15 May 1994 Advanced image memory architecture
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A workstation for radiographic images, known as the Arizona Viewing Console (AVC), was developed at the University of Arizona Health Sciences Center in the Department of Radiology. This workstation has been in use as a research tool to aid us in investigating how a radiologist interacts with a workstation, to determine which image processing features are required to aid the radiologist, to develop user interfaces and to support psychophysical and clinical studies. Results from these studies have show a need to increase the current image memory's available storage in order to accommodate high resolution images. The current triple-ported image memory can be allocated to store any number of images up to a combined total of 4 million pixels. Over the past couple of years, higher resolution images have become easier to generate with the advent of laser digitizers and computed radiology systems. As part of our research, a larger 32 million pixel image memory for AVC has been designed to replace the existing image memory.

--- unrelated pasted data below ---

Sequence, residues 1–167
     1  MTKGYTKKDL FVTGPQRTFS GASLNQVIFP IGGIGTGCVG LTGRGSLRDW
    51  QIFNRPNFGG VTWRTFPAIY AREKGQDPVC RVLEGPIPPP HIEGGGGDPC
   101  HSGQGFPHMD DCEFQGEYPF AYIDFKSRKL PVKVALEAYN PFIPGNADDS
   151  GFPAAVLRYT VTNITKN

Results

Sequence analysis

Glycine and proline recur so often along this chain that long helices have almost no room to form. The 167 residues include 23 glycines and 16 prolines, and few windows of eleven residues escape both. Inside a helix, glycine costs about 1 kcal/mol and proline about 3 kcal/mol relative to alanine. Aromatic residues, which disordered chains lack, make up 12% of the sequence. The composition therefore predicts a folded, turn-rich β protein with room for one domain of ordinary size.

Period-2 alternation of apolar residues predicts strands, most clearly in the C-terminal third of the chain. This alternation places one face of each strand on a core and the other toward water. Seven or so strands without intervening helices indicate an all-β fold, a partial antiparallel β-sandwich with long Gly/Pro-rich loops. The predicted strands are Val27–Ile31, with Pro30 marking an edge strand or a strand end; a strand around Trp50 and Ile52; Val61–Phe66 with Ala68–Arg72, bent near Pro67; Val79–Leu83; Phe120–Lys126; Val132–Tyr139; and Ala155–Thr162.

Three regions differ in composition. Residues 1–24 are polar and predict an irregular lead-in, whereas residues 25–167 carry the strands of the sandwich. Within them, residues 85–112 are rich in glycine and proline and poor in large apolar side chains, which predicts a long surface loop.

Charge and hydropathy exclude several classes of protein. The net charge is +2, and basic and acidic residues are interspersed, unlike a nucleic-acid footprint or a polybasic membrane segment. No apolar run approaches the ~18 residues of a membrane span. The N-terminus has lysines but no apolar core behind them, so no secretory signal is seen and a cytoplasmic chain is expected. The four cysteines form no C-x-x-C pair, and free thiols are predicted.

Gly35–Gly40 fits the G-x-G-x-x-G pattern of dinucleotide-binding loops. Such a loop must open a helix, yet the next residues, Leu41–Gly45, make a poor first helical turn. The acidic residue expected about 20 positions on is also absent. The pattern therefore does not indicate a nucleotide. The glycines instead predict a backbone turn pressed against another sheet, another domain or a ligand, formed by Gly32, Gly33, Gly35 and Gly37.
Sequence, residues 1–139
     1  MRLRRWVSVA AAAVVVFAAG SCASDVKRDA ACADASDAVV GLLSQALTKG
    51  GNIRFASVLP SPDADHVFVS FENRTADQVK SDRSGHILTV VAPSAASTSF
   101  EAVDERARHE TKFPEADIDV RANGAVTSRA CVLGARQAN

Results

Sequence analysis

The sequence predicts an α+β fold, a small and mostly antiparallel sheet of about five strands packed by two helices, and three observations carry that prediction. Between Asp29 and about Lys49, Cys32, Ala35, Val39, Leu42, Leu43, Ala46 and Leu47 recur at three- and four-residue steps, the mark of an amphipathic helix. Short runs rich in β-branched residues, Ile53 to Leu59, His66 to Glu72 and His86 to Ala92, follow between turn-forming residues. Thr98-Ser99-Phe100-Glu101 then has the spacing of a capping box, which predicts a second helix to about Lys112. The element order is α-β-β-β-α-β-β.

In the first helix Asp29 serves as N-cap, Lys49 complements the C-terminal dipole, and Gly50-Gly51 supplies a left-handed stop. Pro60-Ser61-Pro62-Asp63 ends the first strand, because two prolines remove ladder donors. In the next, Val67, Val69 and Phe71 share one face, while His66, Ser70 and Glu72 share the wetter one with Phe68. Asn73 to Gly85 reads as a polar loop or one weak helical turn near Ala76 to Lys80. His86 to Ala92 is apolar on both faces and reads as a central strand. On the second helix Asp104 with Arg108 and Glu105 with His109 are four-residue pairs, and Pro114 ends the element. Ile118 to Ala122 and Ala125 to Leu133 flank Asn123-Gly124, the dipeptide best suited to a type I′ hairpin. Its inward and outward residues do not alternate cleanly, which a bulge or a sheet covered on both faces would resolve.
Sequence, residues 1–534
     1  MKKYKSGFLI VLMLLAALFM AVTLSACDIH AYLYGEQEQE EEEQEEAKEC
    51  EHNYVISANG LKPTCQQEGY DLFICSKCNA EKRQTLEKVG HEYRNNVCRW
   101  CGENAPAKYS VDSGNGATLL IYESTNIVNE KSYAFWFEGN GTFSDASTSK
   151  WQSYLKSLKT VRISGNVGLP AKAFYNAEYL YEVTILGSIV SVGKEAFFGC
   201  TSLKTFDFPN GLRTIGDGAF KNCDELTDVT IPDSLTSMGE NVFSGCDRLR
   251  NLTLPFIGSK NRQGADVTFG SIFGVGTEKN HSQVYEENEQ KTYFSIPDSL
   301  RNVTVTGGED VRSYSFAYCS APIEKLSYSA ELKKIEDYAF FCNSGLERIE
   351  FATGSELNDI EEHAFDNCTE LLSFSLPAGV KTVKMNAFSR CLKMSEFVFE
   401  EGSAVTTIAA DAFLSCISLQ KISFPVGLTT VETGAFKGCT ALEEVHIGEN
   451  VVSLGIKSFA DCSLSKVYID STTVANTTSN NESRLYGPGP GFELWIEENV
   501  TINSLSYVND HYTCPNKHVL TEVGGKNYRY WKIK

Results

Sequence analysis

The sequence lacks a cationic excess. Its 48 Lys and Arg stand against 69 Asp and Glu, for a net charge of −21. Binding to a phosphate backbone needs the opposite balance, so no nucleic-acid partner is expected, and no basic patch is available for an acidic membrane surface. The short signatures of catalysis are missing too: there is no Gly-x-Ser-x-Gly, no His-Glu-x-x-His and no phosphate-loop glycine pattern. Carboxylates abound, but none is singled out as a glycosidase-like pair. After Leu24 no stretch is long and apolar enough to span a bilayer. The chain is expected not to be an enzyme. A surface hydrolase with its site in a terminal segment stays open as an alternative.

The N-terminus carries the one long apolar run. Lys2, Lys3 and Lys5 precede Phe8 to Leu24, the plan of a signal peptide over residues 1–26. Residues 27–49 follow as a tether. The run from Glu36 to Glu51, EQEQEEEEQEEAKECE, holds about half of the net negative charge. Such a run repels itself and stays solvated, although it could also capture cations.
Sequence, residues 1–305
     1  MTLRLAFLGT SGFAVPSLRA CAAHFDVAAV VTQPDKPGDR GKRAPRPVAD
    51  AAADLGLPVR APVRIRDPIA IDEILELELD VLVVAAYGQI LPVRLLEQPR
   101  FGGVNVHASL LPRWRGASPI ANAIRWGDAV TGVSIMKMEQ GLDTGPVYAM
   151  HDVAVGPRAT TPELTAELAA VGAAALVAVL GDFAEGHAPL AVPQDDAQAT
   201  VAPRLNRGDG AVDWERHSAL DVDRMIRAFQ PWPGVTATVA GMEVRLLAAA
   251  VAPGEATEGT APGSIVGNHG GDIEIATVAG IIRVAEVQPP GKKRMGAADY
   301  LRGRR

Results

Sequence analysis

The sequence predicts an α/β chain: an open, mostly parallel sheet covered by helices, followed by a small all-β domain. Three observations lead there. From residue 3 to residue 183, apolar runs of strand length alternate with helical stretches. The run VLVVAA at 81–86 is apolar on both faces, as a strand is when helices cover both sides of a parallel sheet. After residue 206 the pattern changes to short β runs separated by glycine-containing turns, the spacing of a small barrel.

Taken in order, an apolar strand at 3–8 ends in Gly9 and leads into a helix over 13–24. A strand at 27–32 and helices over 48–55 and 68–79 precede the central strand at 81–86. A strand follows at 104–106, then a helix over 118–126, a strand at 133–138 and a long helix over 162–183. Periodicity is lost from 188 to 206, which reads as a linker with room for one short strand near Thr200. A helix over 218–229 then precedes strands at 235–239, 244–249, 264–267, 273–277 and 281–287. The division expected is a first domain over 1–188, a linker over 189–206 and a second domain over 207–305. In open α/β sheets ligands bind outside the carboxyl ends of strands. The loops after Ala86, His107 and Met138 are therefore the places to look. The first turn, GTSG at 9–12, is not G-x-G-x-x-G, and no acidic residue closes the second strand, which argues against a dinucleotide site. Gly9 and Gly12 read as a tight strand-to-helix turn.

© (1994) COPYRIGHT Society of Photo-Optical Instrumentation Engineers (SPIE). Downloading of the abstract is permitted for personal use only.
Richard Vercillo, Richard Vercillo, Kevin M. McNeill, Kevin M. McNeill, } "Advanced image memory architecture", Proc. SPIE 2165, Medical Imaging 1994: PACS: Design and Evaluation, (15 May 1994); doi: 10.1117/12.174385; https://doi.org/10.1117/12.174385


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